Even the most well-made and reliable appliances may develop issues after years of operation. When that time comes, you should look into getting them repaired. But the question is: what problems can you fix yourself, and which ones require the attention of a professional?
I spoke with a few appliance repair experts from across the country, and they shared which appliance issues they encounter most often with their customers, along with tips for how you could handle small appliance repairs yourself at home.
Ranges and Ovens
One problem that is seen often is that the range or oven simply won't turn on or won't produce heat. Sometimes surface elements fail to work. Another common complaint is that heat isn't distributed evenly.
An oven that is baking unevenly may have a failing heating element. This thin black tube, located in the bottom of the oven, will glow red entirely when operating properly. If it’s failing in some places, you’ll see burned or blistered sections. A replacement heating element is fairly inexpensive and can be installed within 30 minutes.
Refrigerators and Freezers
One of the main things that can go wrong with refrigerators is that they stop keeping your groceries cold. This may be due to any number of factors, such as a freon leak.
Another common issue is that the refrigerator is running nearly constantly but still not getting any colder. Dirty condenser coils are often the cause of this. These are the black coils located underneath or behind your refrigerator which work to remove heat. The fix is simple: use a long, bristle brush to gently eliminate dust and dirt buildup from the coils. A condenser coil clean-off should happen every six months, or more frequently if you have furry pets.
Certain components of a refrigerator may stop working as well. For example, the water dispenser could stop working, or the ice maker could stop producing ice or defrosting when it is supposed to. If the ice maker is failing to produce ice, the water inlet valve may be restricted or faulty. It’s a fairly simple, 30-minute DIY job to replace this valve.
When it comes to standalone, chest, or upright style freezers, common issues include not cooling efficiently, not running all of the time, or not working entirely.
Some issues dishwashers may encounter are not draining or leaking water. This could be due to clogged filters. More technical problems that can occur include dishwasher lights blinking or buttons not working when pressed.
If dishwashers are not functioning properly, they may fail to clean your dishes. If your dishware is coming out still dirty, the dishwasher isn’t getting enough water to do its job. A defective or clogged water inlet valve may be the cause. Replacement water inlet valves are simple to install, as they are located just behind the removable front kick plate.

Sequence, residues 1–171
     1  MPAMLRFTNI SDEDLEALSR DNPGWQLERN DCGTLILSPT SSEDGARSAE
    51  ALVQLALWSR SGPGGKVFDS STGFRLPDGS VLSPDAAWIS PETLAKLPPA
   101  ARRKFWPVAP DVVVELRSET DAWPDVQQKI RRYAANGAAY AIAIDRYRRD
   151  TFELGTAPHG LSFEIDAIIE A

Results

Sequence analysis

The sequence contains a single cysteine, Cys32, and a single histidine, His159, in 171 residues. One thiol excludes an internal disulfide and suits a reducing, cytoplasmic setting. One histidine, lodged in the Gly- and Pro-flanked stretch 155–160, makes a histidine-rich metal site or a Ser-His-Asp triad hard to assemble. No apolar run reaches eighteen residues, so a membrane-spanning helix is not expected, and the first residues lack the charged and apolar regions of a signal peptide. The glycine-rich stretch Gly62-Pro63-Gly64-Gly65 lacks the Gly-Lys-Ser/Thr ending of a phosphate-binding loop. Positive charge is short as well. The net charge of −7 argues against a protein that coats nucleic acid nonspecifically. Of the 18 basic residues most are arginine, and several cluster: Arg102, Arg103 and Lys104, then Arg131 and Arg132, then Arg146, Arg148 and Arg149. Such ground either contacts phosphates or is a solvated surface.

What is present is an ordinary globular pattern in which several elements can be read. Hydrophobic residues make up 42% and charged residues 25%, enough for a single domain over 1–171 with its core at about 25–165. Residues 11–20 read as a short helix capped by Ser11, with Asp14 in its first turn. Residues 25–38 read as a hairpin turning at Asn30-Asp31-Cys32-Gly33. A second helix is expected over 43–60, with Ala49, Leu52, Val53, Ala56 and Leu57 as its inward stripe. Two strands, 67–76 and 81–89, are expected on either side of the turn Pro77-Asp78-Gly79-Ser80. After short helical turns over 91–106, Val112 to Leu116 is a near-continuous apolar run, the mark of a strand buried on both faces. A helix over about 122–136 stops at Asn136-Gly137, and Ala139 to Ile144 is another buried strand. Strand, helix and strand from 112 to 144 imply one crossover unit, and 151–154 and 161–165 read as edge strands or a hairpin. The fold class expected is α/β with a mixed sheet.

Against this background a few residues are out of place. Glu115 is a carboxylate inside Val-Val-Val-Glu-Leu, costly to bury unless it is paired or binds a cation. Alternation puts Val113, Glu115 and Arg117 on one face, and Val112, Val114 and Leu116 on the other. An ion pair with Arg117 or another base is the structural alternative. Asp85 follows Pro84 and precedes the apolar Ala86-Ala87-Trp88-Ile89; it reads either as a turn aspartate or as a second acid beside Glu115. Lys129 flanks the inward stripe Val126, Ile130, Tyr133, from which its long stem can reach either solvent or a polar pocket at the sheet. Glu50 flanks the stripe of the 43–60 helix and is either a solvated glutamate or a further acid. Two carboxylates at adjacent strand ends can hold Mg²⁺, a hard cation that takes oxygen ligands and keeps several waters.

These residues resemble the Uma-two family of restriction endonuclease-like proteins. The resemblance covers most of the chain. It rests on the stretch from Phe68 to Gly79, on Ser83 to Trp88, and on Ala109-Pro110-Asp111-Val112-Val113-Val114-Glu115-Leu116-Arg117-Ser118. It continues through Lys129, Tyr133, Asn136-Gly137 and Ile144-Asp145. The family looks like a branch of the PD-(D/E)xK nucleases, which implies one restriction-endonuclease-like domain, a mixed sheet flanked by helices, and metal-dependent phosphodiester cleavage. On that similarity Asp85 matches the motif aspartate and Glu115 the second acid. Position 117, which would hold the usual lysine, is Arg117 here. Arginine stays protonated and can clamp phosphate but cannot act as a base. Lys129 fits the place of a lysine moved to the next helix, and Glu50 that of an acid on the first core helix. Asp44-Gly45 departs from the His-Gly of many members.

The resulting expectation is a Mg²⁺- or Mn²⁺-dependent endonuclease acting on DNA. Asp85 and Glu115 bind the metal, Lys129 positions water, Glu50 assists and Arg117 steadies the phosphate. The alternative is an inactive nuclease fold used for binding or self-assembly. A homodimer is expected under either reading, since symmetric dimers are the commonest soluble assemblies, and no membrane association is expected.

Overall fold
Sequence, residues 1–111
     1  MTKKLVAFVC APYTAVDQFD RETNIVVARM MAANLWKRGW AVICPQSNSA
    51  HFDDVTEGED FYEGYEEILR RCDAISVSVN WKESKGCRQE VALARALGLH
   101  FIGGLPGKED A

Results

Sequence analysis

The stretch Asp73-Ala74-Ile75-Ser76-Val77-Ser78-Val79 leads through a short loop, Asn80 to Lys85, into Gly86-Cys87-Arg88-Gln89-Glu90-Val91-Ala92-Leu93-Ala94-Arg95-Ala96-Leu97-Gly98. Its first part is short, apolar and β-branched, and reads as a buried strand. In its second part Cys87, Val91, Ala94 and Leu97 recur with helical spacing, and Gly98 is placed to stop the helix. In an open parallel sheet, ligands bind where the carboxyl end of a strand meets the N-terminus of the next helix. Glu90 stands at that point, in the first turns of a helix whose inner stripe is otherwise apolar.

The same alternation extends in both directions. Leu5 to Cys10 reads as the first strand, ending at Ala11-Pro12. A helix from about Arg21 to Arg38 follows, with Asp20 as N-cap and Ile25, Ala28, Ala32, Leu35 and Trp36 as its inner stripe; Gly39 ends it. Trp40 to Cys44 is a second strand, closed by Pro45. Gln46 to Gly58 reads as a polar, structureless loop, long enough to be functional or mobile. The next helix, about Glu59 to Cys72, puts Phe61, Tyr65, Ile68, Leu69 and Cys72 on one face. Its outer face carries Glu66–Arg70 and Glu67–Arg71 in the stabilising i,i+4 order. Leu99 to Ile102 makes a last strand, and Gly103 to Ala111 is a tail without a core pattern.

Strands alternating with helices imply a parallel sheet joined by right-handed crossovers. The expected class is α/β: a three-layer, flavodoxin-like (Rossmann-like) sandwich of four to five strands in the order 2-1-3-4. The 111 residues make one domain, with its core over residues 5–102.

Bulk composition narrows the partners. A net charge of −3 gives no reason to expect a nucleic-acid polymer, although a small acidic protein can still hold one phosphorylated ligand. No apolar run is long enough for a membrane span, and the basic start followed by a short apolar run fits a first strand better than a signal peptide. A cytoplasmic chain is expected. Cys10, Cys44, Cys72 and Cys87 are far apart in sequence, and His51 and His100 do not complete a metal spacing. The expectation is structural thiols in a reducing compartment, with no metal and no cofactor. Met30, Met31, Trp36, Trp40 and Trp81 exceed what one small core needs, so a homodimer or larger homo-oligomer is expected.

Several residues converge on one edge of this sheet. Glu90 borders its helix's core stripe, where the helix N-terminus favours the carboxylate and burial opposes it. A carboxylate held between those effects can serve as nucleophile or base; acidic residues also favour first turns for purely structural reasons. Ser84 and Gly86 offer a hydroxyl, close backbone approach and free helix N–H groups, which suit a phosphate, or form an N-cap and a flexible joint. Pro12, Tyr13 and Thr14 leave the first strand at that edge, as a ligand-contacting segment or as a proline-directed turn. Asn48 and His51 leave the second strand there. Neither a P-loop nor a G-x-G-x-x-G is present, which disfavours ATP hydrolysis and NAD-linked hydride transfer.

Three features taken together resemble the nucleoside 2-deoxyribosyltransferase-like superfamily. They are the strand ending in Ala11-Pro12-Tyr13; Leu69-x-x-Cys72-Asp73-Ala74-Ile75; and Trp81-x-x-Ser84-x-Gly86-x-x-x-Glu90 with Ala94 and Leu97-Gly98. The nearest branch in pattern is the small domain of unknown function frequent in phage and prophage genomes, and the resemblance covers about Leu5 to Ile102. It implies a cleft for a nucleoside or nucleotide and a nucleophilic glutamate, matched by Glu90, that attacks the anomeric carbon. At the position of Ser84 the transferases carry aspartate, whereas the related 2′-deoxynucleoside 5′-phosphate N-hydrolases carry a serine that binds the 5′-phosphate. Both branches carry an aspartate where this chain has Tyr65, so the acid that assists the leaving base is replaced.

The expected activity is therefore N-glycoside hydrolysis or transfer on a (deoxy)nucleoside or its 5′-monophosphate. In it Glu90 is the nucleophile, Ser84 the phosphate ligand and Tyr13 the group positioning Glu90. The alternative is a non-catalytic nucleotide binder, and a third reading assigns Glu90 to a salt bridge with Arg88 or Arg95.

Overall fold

There are several different things that can go wrong with washing machines. They may start making odd noises, like thumping, during the spin cycle. The electronic control board may stop working. They could stop spinning, agitating, or draining properly.
If your washer fills and agitates but won’t drain or spin, the lid switch has failed. Use an Ohm meter to test it. If you confirm that it’s broken, it can be fixed with a replacement lid switch assembly.
Common issues with dryers include failing to start, stopping during a cycle, or leaving clothes wet after going through a complete cycle.
If the dryer is taking too long to dry clothes, it’s likely there is a dangerous lint buildup in the venting. Lint buildup results in thousands of fires across the U.S. and Canada every year. Clean out the lint buildup in dryer venting from the inside of the dryer to the outside; this should happen at least once per year. Hire professionals or make it a low-cost, DIY job using a long dryer vent cleaning brush. A related fix could be cleaning or replacing the lint filter, which may become coated and clogged due to dryer sheet residue.
The most common repairs for vacuum cleaners are broken belts and clogs. Both are caused by people thinking their vacuum can pick up anything. This leads to vacuum repair shops finding the funniest things inside of vacuum cleaners: cat toys, dog food (wet and dry), underwear, pens, box tops, and of course, lots of Legos. Picking up anything larger than lint and dirt is a formula for a vacuum cleaner repair.
Vacuum belts are meant to break. They are rubber and will burn or break if something stops the brush from turning. People think that they can run over anything and the roller brush will throw it up inside the vacuum. This doesn't always happen. Even a coin can stop the roller brush and the belt will snap. Larger things like paper and cardboard slow the brush down, which causes the motor shaft to burn through the rubber belt. This situation gives off a terrible smell and you end up with a broken belt.
Sometimes the items make it past the brush roll and up inside the interior of the vacuum. This causes a clog in the airways of the vacuum. When this happens, the vacuum has to be taken apart and all the passages have to be checked. Clogs in canister vacuums can be very expensive, because if the clog can't be removed you have to invest in a new hose. A simple way to avoid an expense repair is to remember that a vacuum is meant to suck up dirt and dust - not paper clips, pins, or cardboard.